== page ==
The bases were loaded, but that wasn’t necessarily a good omen for the Cubs. They’d struggled in similar situations all season.
Then, for a moment, Willson Contreras turned those issues into a distant memory.
“Having that long of an at-bat and coming out with a hit …” Cubs manager David Ross said, “I think just seeing that fall was really rewarding for all of us.”
As the Cubs’ designated hitter Friday, Contreras drove in each and every one of the Cubs’ runs in a 4-1 win against the Cardinals at Wrigley Field. Those four RBIs were a season high for Contreras.
Contreras had slid to a .217 batting average entering play Friday, in an up-and-down short season. On Friday, he had three hits in four at-bats, including a solo home run.
If Contreras continues to take at-bats like he did against the Cardinals, he’ll naturally stabilize a lineup with a soft spot against left-handed pitching. After all, he is, as David Ross put it, a “lefty-killer.”
Even against right-handed pitching on Friday, Contreras left carnage in his wake.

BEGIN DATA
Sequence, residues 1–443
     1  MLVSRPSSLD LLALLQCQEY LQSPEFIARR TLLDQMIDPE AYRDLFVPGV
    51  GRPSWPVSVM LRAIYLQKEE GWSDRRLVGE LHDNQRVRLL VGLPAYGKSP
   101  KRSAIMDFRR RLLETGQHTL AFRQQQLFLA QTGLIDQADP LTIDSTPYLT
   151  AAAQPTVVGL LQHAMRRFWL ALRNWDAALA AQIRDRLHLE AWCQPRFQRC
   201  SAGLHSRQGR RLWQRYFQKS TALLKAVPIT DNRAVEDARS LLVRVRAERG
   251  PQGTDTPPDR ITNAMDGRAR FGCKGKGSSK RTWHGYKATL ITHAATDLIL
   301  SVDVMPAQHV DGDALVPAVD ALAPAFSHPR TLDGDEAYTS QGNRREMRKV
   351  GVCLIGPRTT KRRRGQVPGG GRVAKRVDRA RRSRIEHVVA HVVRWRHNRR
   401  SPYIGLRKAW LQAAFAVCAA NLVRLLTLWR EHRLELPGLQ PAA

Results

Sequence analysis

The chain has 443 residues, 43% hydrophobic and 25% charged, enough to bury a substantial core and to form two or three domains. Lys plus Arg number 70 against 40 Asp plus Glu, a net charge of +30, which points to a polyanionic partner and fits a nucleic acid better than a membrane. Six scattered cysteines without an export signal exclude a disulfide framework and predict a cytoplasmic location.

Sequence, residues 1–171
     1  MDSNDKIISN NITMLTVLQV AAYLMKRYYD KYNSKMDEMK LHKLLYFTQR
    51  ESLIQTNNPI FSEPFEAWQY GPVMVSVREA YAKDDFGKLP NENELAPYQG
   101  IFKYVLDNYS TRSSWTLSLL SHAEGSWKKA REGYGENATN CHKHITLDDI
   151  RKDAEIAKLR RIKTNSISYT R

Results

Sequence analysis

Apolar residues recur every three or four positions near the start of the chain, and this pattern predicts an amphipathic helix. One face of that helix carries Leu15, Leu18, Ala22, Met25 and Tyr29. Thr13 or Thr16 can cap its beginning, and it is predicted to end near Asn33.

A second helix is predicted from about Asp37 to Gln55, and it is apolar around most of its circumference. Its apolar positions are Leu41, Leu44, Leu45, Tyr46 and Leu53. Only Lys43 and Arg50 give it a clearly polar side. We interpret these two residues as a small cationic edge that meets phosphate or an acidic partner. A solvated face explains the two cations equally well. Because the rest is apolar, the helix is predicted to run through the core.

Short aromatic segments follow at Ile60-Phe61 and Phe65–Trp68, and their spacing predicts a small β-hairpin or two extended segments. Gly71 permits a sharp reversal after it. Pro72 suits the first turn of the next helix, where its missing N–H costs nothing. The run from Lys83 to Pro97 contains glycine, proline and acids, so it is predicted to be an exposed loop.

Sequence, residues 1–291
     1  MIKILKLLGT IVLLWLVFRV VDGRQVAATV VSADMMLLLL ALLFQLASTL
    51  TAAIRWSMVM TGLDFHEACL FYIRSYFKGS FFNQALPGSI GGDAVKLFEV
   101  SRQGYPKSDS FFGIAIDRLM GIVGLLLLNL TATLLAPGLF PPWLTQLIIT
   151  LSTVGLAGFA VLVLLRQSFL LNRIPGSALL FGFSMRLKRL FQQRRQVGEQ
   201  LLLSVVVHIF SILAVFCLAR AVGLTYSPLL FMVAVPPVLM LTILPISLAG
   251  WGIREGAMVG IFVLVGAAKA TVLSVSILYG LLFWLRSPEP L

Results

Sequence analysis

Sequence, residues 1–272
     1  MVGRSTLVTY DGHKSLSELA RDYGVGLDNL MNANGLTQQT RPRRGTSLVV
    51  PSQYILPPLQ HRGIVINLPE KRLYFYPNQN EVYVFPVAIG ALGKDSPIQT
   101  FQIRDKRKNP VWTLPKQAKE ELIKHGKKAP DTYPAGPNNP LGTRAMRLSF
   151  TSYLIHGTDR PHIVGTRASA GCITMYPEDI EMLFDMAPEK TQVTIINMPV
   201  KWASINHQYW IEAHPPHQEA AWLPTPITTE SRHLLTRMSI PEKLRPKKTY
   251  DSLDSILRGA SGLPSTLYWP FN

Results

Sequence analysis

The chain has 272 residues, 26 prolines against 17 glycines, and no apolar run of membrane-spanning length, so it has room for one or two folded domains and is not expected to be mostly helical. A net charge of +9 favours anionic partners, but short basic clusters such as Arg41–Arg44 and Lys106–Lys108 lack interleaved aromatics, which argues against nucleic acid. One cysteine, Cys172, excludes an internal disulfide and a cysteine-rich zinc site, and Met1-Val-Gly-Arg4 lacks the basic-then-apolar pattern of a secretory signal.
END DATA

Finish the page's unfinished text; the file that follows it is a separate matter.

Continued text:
His first at-bat, all nine pitches of it, set the tone.
Cubs right fielder Jason Heyward had walked to load the bases with two outs. Heading into Friday, the Cubs were batting just .186 with the bases loaded and were even worse with the bases loaded and two outs (.154).
“My mindset was just keep it simple,” Contreras said. “Don’t try to do too much, just try to hit a line drive straight to center field, and load early.”
Contreras watched four pitches from Jack Flaherty, the first three balls and one a strike. Then, Contreras fouled off the next four pitches. One foul ball screamed past the bat boy with such force that home plate umpire Angel Hernandez suggested he sit in the dugout for the rest of the game.
Then finally, Contreras lined a high slider into center field. Two runs scored.
“Once I took the first two pitches, I knew that I was going to be in a good spot,” Contreras said.
Contreras next came to the plate with runners on first and third in the third inning. Again with two outs, he singled and drove in a run.
“The two-out hit is a killer when you’re on the other side,” Ross said and then referenced an old adage, “Two-out knocks will get you to heaven.”
Against Flaherty, Contreras had changed his approach from last year. Facing the Cardinals ace last season, Contreras went 2-for-15, with seven strikeouts. Contreras said he was trying to do too much against Flaherty then.
On Friday, Contreras’ two-out single was the final blow for Flaherty. He was replaced by Jake Woodford in the third inning.
“I think whenever you have a good at-bat like that in the first at-bat DHing, that makes you feel great,” Contreras said. “That makes you have so much confidence for the second and third at-bat.”